Attention and behold: Marcel Duchamp… as a lady! Or, not exactly. This is more than just a giddy Surrealist in a pretty hat and a little rouge. This is Rrose Sélavy, Duchamp’s alter-ego with her own look, her own mind, even her own body of work. Sometimes artists create more than paintings and sculptures — they create people. They form whole other identities, personas. Let’s meet classic alter-egos from art history and contemporary performance practice. Be warned: Gender-bending, age-regression, metamorphosing, and dimension-crossing may occur.
Marcel Duchamp’s female alter-ego Rrose Sélavy fully surfaced in 1921 — a sultry, stylish vixen in photographs by Man Ray. Her name sounds like Eros, c’est la vie, or “Eros, that’s life.” Not just a pretty picture and a fantastic name, Rrose was Marcel, snagging bylines for the Why Not Sneeze Rrose Sélavy? readymade of marble sugar cubes in a birdcage, Duchamp’s Anemic Cinema , and others. Glamorous, at times more evidently masculine, Rrose wasn’t the surrealist’s first genderfuck — observe his moustached Mona Lisa.
Andy Warhol’s early ’80s homage to Duchamp’s Rrose Sélavy unfolded with “eight wigs, two days of posing, 16 contact sheets, and 349 shots,” as photographer Christopher Makos recalls. Some have guessed Warhol was trying to get closer to his silkscreened idols — Marilyn Monroe, Liz Taylor, the like. Makos, a member of the Factory, speculated that these were characters based on rich collectors who paid $25,000 a pop for a portrait from Warhol. Maybe it was just drag?
“Drag queens are living testimony to the way women used to be to be, the way some people still want them to be, and the way some women will actually want to be,” Warhol’d said. “Drags are ambulatory archives of ideal moviestar womanhood. They perform a documentary service, usually consecrating their lives to keeping the glittering alternative alive and available for (not-too-close) inspection.” Drag is never “just.”
She was born Lucy Schwob, reborn Claude Cahun circa 1919. This artist and writer’s alter-ego was fluid rather than fixed in gender. Also, a beautiful badass. She took the Surrealist and Dadaist exploration of identity to its unrestrained fringes and she did it by taking photographs of her selves. You’re welcome, Cindy Sherman.
Kahlo painted The Two Fridas in 1939, shortly after her tumultuous divorce from Diego Rivera. This post-break-up double self-portrait was her first large-scale work — analyze that as you will. She is split into two — Frida the Diego’s beloved in Mexican attire and Frida separate, styled in European dress. Two exposed hearts are intertwined by an artery. Two exposed Fridas hold hands. One is clearly in greater danger of bleeding to death. It will be alright, girl. It will be alright.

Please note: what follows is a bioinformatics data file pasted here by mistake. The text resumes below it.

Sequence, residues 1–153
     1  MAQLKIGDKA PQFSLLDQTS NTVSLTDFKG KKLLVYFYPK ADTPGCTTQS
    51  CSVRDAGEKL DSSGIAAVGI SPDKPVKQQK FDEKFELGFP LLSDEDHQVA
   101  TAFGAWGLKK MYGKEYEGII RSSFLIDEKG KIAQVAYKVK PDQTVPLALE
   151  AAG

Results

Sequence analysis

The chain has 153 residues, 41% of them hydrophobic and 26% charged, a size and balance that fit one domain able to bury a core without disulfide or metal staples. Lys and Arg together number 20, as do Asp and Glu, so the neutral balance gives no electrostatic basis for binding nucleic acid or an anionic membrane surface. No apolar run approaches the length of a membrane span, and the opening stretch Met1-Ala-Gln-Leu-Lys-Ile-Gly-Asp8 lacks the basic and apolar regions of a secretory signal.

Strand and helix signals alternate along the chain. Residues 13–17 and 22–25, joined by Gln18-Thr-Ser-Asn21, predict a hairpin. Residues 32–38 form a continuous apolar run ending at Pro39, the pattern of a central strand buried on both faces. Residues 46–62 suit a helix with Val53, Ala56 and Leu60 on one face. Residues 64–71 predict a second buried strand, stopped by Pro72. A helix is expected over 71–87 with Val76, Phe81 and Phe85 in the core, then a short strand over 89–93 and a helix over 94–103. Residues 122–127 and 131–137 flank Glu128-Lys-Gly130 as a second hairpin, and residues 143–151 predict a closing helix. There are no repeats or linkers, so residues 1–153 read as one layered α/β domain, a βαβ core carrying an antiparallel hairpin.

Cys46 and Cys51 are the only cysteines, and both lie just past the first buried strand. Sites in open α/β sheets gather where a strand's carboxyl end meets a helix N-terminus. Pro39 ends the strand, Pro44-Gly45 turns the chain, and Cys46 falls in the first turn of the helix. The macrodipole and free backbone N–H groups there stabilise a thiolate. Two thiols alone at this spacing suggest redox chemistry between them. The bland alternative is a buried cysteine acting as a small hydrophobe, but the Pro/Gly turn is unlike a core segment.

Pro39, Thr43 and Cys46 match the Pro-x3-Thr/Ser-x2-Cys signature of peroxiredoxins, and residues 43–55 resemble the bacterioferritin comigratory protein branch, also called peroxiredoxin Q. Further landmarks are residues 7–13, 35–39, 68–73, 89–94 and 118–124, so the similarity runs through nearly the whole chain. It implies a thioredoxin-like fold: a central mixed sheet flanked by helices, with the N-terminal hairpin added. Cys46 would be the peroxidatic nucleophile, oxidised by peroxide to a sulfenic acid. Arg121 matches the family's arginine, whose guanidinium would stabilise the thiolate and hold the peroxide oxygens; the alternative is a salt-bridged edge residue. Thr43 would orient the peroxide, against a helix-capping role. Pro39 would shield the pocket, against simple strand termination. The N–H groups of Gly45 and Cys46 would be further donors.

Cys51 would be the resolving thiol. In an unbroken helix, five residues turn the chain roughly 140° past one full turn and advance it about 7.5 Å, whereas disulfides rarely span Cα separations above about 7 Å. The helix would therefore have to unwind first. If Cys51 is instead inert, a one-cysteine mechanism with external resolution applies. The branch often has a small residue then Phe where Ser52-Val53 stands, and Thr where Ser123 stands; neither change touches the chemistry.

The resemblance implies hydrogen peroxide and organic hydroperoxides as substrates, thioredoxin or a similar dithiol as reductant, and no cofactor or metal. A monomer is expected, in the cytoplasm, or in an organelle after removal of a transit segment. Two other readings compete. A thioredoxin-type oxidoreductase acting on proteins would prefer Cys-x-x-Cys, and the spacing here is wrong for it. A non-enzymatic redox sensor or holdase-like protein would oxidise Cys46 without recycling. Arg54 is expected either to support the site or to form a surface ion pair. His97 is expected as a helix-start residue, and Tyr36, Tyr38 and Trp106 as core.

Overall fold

German artist Max Ernst’s alter-ego wasn’t a gender variant or tormented doppelgänger. It was a familiar, a Freudian metaphor, a… bird. Ernst was fascinated with the feathered kind and the significance of their flight, the symbolic, total freedom of it. Birds were a motif throughout his paintings since the ’30s. Well, one specific bird with the most awesome name — Loplop. It even sounds cheery and unburdened, doesn’t it?
Performance artist Andy Kaufman (I dare you to say “comedian,” c’mon!) once attempted to read The Great Gatsby to his audience in its entirety, until one by one they walked out. And yet, it’s tolerating Kaufman’s alter-ego Tony Clifton that sounds painful. Based on a real lounge singer Kaufman met in the late ’70s at the International Hotel in Las Vegas while waiting for Elvis (the King, not Kaufman’s other alter-ego), Tony Clifton is aggressively bland, nasal, annoying, irritating, just plain terrible. In other words, perfect. He’s so good at this. Even Latka had an alter-ego.
At the risk of falling into a long, loving rant about graffiti, its culture of the alias and its cathartic, vandalistic pursuits as the ultimate contemporary manifestation of “the alter-ego” … I’ll just mention SAMO©. Jean-Michel Basquiat, as the most recognized member of the collective, used it with poetry, carried the “tag” off the street and, subsequently in the early ’80s, declared it dead via this tag in downtown New York. RIP SAMO©. Long live SAMO©.
Are you ready? If this works, this is going to break your head just right. See Michael Smith’s alter-ego Baby IKKI performing with Malcolm Stuart’s hoop dance troupe Color Wheel and friends within the collaborative video installation of Michael Smith and the late Mike Kelley A Voyage of Growth and Discovery , set in Black Rock, Nevada. Yes, the Burning Man one. It’s as close as you’re going to get to embracing your inner wildchild, uh, baby, without getting marooned in a regressive, spiritual psychotic episode in the middle of the desert. And now, to blow your mind: this is how normal Michael Smith looks like sans diapers.
Performing artist and musician Tobias Bernstrup is huge in Sweden, and known internationally for his glossy latexed and elaborately costumed “performance persona.” For someone so delightfully strange, his concept of alter-ego is quite populist. It’s a digital avatar, sometimes performed IRL — a combination of video game aesthetics and performance art, exploring the boundaries between the real and the unreal.
Multidisciplinary artist Jayson Musson is truly a gift from the Internet Gods, in more ways than one. As his alter-ego Hennessy Youngman, Musson unleashed his YouTube series Art Thoughtz, steadily picking up a loyal fan base, demystifying relational aesthetics and the essence of performance art (“titties”). “Hennessy comes out of a specific reaction to graduate school and the academic, fine-art world that I was exposed to at school,” Musson, who got his MFA last spring, told The New York Times. Though it may come from “a place of anger,” he explains that “the relationship between anger and laughter are very, very close.” Stay angry, Hennessy.